In Campbell’s time the debate of when the human species first appeared on our planet was considered to be about a half a million years ago.
The African finds that have most recently stirred the halls of science are roughly (very roughly) dated at the commencement of the Pleistocene or Ice Age, circa 600,000 B.C.; and at the Fifth International Congress of Anthropological and Ethnological Sciences, held at the University of Pennsylvania in 1956, Dr. Raymond Dart of Witwatersrand University, Johannesburg, South Africa, showed a convincing series of slides in which the implements of this pre-lithic (pre-Stone Age) culture were illustrated. These included the lower jaw bones of large antelopes, which had been cut in half to be used as saws and knives; gazelle horns with part of the skull attached, which showed distinct signs of wear and tear use, possibly as digging tool; and a great number of ape-man palates with the teeth worn down – human palates being used to this day as scrapers by some of the natives of the area. Primitive Mythology by Joseph Campbell, Page 359
In our time evidence of the use of jaw bones of animals to cut and eat meat (indicating the hunt was developed) goes back even further. The following extracts bring Joseph Campbell’s archeological survey up to date. The last article I’m presenting in full as I think that it represents the border of our current archeological acceptance of the existence of a species that has the distinct behavior patterns that can be called human. Hunting (involving tool making such as wooden spears, the need for speech for communication of the techniques of the hunt and passing on of the art of the hunt – i.e. how to make the spears/arrows(?) or just a way to trap an animal and drop rocks on it or push it over a cliff), walking upright and taking care of the members of the tribe. Lucy, whose people are at the forefront of archeological theory as the possible first humans, was found in the geological layer indicating an age of about 3 million years.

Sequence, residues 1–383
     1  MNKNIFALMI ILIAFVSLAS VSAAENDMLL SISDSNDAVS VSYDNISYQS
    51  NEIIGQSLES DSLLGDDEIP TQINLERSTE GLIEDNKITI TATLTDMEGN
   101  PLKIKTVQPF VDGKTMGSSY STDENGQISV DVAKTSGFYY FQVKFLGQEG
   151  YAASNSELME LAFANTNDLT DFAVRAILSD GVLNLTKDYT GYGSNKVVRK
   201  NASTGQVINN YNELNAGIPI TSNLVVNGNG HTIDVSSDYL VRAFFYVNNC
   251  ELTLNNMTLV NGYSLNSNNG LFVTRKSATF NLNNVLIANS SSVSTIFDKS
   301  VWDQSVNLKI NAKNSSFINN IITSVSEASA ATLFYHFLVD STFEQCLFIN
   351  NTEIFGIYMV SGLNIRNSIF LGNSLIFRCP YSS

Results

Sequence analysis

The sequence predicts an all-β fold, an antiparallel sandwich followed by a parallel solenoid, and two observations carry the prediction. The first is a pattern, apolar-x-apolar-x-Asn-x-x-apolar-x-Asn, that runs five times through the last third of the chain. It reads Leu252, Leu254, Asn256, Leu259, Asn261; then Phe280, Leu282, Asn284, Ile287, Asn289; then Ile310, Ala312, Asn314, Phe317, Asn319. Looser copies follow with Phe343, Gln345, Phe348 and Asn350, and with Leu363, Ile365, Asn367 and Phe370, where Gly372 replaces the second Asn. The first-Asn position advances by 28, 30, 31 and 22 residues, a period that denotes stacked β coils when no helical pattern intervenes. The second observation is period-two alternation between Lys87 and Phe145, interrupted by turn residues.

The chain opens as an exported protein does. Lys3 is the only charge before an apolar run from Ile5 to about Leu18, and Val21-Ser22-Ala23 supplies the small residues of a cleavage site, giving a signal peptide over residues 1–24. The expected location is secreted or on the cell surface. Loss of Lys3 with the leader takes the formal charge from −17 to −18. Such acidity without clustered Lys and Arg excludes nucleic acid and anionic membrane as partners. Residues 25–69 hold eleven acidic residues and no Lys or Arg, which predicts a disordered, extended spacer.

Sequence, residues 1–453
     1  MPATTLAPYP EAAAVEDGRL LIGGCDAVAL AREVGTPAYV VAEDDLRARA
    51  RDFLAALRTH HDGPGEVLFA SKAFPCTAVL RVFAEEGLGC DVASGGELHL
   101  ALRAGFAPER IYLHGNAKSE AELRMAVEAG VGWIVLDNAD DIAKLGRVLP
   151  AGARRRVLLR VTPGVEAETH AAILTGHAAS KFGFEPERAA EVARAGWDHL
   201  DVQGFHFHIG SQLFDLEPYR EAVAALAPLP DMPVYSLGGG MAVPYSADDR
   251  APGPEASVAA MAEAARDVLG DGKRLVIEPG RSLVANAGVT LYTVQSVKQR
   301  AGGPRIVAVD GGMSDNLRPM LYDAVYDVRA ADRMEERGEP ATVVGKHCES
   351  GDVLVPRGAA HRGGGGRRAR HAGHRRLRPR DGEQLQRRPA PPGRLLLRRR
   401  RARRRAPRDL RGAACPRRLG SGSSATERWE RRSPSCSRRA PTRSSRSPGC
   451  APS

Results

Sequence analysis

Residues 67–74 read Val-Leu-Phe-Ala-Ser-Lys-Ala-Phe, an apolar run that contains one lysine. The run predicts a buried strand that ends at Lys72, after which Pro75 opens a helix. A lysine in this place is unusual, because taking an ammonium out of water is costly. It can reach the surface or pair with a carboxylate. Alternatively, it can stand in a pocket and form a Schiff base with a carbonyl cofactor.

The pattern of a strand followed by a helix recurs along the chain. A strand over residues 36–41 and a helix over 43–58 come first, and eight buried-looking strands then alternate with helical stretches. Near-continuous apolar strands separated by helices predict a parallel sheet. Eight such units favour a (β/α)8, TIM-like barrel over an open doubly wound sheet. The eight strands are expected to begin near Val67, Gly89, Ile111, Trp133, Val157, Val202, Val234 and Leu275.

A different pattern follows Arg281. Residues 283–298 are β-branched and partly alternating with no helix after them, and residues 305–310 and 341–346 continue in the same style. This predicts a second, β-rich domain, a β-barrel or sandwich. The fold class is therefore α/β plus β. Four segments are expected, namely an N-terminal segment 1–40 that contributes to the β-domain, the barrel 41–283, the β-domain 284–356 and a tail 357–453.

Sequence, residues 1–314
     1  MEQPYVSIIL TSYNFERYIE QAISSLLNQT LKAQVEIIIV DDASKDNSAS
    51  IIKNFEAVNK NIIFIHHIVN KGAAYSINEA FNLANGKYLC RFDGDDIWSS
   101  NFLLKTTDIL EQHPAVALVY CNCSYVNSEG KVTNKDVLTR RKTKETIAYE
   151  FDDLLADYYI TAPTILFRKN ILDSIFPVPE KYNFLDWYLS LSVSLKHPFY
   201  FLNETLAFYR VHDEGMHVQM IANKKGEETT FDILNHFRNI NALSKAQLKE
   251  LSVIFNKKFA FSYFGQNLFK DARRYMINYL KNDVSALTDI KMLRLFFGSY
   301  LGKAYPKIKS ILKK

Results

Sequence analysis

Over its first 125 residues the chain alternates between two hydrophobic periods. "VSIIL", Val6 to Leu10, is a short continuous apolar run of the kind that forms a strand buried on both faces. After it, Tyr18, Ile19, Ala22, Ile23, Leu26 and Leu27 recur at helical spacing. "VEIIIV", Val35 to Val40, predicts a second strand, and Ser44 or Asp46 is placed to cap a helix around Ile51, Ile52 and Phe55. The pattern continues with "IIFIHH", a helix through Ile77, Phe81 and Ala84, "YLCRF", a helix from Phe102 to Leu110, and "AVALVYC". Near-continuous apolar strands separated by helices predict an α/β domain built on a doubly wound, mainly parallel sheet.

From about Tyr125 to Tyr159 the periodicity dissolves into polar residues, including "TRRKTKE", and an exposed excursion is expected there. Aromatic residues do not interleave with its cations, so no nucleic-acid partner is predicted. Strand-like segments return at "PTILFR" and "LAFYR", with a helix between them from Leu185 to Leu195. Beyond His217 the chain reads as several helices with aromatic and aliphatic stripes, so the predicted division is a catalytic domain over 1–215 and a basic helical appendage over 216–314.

The Stone Age (known to scholars as the Paleolithic era) in human prehistory is the name given to the period between about 2.5 million and 20,000 years ago. It begins with the earliest human-like behaviors of crude stone tool manufacture, and ends with fully modern human hunting and gathering societies. The Paleolithic is the earliest archaeology; anything older is paleontology. Today scholars divide the Paleolithic into three categories, more or less as follows. 
Lower Paleolithic (sometimes called the Early Stone Age) 
The Lower Paleolithic lasted between 2.5 million-200,000 years ago (or at least according to one permutation), and it was when the Hominin ancestors of human beings, including Australopithecus, Homo habilis, Homo erectus and Homo ergaster, roamed most of the earth and began making the first stone tools.
ScienceDaily (Feb. 11, 2011) — A fossilized foot bone recovered from Hadar, Ethiopia, shows that by 3.2 million years ago human ancestors walked bipedally with a modern human-like foot, a report that appears Feb. 11 in the journal Science, concludes. The fossil, a fourth metatarsal, or midfoot bone, indicates that a permanently arched foot was present in the species Australopithecus afarensis, according to the report authors, Carol Ward of the University of Missouri, together with William Kimbel and Donald Johanson, of Arizona State University'sInstitute of Human Origins. 
The research helps resolve a long-standing debate between paleoanthropologists who think A. afarensis walked essentially as modern humans do and those who think this species practiced a form of locomotion intermediate between the quadrupedal tree-climbing of chimpanzees and human terrestrial bipedalism.

Researchers working in Ethiopia's remote Afar region have recovered evidence that humans began using stone tools and eating meat far earlier than previously thought. The finds—cut-marked animal bones dating to nearly 3.4 million years ago—push the origin of butchery back a stunning 800,000 years. Furthermore, these ancient butchers were not members of our own genus, Homo, but the more primitive Australopithecus, specifically A. afarensis, the species to which the celebrated Lucy fossil belongs.